procedure THome.UserRightsFieldGetValue(Sender: TObject; var Value: Variant);
var
  WebUserItem: TWebUserItem;
begin
  Value := ''; // Assume there is no value
  if not VarIsEmpty(EndUserSessionAdapter.UserID) then  // Don't try to access an empty variant
  begin
    WebUserItem := WebUserList.UserItems.FindUserID(EndUserSessionAdapter.UserId);   // Get the data for the given user
    if WebUserItem <> nil then
      Value := WebUserItem.AccessRights;  // Grab that user's AccessRights
  end;
end;

This code simply finds the current user in the WebUserList component and grabs the value for the user's AccessRights property. It does this in a "safe" way by making sure that the pertinent values actually exist.

Once we know we can always get the values, we need to compare the user's rights with the rights required by the page. Pages are requested and dispatched via the PageDispatcher component, and it has an OnCanViewPage event. Go to that page, and make the event handler look like this:

procedure THome.PageDispatcherCanViewPage(Sender: TObject;
  const PageName: String; var CanView, AHandled: Boolean);
var
  aPageInfo: TAbstractWebPageInfo;
  UserRights,
  PageRights: String;
begin
  CanView := False;  // Assume that you can't view the page
  UserRights := UserRightsField.Value;  // Get the user's AccessRights string from the EndUserSessionAdapter
  // Returns True if the page is found, False otherwise
  if WebContext.FindPageInfo(PageName, [fpLoginRequired], aPageinfo) then 
  begin
    PageRights := aPageInfo.ViewAccess; // Get the value as set in the constructor
  end else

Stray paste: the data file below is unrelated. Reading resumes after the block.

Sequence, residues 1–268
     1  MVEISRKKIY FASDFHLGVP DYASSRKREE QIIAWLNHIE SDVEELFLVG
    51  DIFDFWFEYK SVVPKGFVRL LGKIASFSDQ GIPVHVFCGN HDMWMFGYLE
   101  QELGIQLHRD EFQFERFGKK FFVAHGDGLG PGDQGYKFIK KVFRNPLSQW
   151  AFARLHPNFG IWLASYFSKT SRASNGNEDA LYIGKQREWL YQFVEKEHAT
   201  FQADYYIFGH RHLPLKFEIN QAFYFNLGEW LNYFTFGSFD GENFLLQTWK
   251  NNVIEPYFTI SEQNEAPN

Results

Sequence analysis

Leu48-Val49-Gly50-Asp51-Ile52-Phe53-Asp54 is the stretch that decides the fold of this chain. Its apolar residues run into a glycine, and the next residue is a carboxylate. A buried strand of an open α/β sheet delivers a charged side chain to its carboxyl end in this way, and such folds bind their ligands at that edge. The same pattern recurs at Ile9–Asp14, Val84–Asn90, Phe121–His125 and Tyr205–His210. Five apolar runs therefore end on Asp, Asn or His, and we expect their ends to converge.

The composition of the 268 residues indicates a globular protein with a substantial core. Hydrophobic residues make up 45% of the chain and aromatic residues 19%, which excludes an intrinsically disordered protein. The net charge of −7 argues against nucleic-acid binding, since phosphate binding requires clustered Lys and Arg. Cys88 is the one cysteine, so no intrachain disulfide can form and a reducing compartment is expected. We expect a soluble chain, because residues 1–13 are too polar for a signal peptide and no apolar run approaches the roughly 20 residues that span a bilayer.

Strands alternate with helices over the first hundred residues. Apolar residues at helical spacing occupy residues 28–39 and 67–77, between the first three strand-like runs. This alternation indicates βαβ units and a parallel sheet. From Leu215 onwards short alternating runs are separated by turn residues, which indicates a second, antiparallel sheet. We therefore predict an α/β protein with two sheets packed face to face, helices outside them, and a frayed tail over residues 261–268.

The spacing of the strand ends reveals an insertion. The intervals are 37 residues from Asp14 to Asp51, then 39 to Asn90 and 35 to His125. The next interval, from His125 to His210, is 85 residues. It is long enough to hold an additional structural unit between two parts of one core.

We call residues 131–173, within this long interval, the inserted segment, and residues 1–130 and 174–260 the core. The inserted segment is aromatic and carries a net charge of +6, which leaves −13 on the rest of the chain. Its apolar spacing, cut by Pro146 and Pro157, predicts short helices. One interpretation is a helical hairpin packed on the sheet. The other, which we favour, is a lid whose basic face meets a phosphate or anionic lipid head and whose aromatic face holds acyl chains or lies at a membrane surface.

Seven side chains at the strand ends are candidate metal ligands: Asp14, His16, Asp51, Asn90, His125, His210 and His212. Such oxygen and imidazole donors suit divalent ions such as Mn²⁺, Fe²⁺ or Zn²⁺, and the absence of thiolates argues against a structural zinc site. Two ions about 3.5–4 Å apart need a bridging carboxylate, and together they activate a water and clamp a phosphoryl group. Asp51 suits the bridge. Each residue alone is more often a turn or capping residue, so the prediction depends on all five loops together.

begin
    PageRights := '';
  end;
  // You can view the page if your PageRights string is part or all of your 
  // AccessRights, or if they both are empty strings
  CanView := (Pos(PageRights, UserRights) >= 0);
  aHandled := not CanView;
end;

This code first sets the value for the local variable UserRights by calling the Adapter we created. Then it looks up the PageInfo for the page being dispatched, and if it finds that information, grabs the ViewAccess value for that page. This is the string value passed in the TWebPageInfo constructor that we modified in the initialization section. If the PageInfo is not found, the string is set to an empty value. Then, of course, it is a simple matter of checking to see if the UserAccess variable contains the value held in PageRights.

The user's rights string can be in any format that you like. The fact that all the AccessRights values are strings means that you can pretty much use any scheme you like to manage them. WebSnap expects that the value be a string, or a series of strings separated by a semicolon, a comma, or a space, and will parse these values into a TStrings value for you at different times during a page request.

The procedure then sets CanView to True if the user's rights match those of the page.

FINAL TOUCHES